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Bachelor Degree in Biology

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  • Course description
    With its solid curriculum and exceptional facilities, Furman’s biology department is a major contributor to the university’s strong reputation in the natural sciences.

    The curriculum provides an excellent overview of biology and prepares students for any biology-related career, from health fields to teaching, research and work with conservation groups or governmental agencies. Upper-level classes average about 16 students, so majors receive individual attention, and course requirements are designed to accommodate each student’s educational goals.

    One of the distinctions of the Furman biology program is the opportunity to explore a topic of personal interest in depth. These projects can take the form of a directed independent study or an internship or research experience under the guidance of a faculty advisor. Students may pursue these interests through programs on campus or at leading off-campus research and professional facilities. These hands-on experiences provide students with an opportunity for direct training, work and/or research in some area of the biological sciences and prove highly beneficial when they apply for jobs or to graduate and professional schools.

    Furman biology majors learn to communicate the details of their scientific interests through an oral seminar presentation, usually based on their independent study, research experience or internship. They often have the chance to present the results of their work at regional and national professional meetings as well. These kinds of experiences have helped prepare recent graduates for study toward the M.S. and Ph.D. degrees in such fields as forestry, ecology, molecular biology/genetics, wildlife biology, plant physiology, marine biology and microbiology.

    The Study of Life
    Furman biology students enter a variety of fields and professions after graduation. By offering both the B.A. and B.S. in biology, Furman provides flexibility for their interests and the career options that await them. Both degrees usually require 10 courses, including an independent study, internship or research experience.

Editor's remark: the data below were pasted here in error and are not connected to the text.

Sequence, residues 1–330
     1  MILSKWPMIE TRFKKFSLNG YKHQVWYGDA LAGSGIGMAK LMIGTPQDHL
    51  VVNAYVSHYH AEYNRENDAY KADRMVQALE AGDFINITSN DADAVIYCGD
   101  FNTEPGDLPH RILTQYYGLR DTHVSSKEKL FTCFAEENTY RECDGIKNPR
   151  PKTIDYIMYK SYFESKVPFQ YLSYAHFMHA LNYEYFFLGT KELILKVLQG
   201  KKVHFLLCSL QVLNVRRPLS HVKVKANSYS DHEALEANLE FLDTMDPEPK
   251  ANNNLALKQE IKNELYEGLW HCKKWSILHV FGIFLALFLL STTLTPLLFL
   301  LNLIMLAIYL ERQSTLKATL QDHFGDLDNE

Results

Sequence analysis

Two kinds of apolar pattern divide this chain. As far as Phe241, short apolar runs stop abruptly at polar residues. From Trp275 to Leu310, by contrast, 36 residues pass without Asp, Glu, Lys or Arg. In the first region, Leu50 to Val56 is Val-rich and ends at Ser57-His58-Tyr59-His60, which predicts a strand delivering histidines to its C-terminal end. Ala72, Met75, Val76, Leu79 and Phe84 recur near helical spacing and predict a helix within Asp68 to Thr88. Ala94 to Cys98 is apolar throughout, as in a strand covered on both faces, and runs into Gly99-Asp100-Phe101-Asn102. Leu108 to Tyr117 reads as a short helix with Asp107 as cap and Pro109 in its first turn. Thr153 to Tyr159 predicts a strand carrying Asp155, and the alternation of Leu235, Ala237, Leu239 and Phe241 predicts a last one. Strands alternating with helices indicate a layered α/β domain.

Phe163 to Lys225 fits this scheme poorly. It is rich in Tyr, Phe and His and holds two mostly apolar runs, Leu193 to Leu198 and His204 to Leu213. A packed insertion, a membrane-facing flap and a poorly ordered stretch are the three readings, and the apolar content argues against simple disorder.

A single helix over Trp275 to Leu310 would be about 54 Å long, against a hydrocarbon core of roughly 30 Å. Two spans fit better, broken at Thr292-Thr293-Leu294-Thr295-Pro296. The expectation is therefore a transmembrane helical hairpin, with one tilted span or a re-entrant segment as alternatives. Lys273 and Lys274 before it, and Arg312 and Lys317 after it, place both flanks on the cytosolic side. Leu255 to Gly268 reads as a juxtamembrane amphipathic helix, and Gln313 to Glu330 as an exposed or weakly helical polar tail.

Candidates for the B.S. degree usually complete the introductory biology course and courses in genetics, research and analysis, ecology, physiology, cell or molecular biology, an independent project, and three chemistry courses—principles, inorganic and organic. To fulfill the major requirement, students choose electives from such courses as developmental biology, microbiology, immunology, neurobiology, field zoology, field botany, marine biology, natural resource management, and many others. Those who study for the B.A. degree take the introductory course and eight electives and complete an independent project, research experience or internship.

    Another outstanding feature of the Furman biology program is the opportunity for field study. The department offers a number of special field programs, including yearly courses focusing on ecosystems outside the Southeast. In January and February of even-numbered years, students may study ecology and biology in Costa Rica, the Galapagos Islands and the Andes of South America. Every other year, a field course in marine biology takes students to Florida and Belize. Other courses may take students to the Rocky Mountains, the desert Southwest, the Pacific Coast or eastern Canada. Many classes also feature one-day or weekend field trips to mountains or beaches. Additional outings are sponsored by Beta Chi, the student biology club.

    The department has close ties to a number of large research institutions, including the Naval Research Laboratory in Washington, D.C.; the Savannah River Ecology Laboratory; the Medical University of South Carolina; North Carolina’s Coweeta Hydrologic Laboratory; the Duke University Marine Laboratory; the Greenwood (S.C.) Genetics Center; the Centers for Disease Control and Prevention in Atlanta, Ga.; and Greenville’s Roper Mountain Science Center. Furman is also a partner with Columbia University in Biosphere 2 near Tucson, Ariz., and sends a group of students to that facility each year to become immersed in environmental studies. Students can spend a summer, a term or a full year at any of these institutions, doing internships or research and earning credits.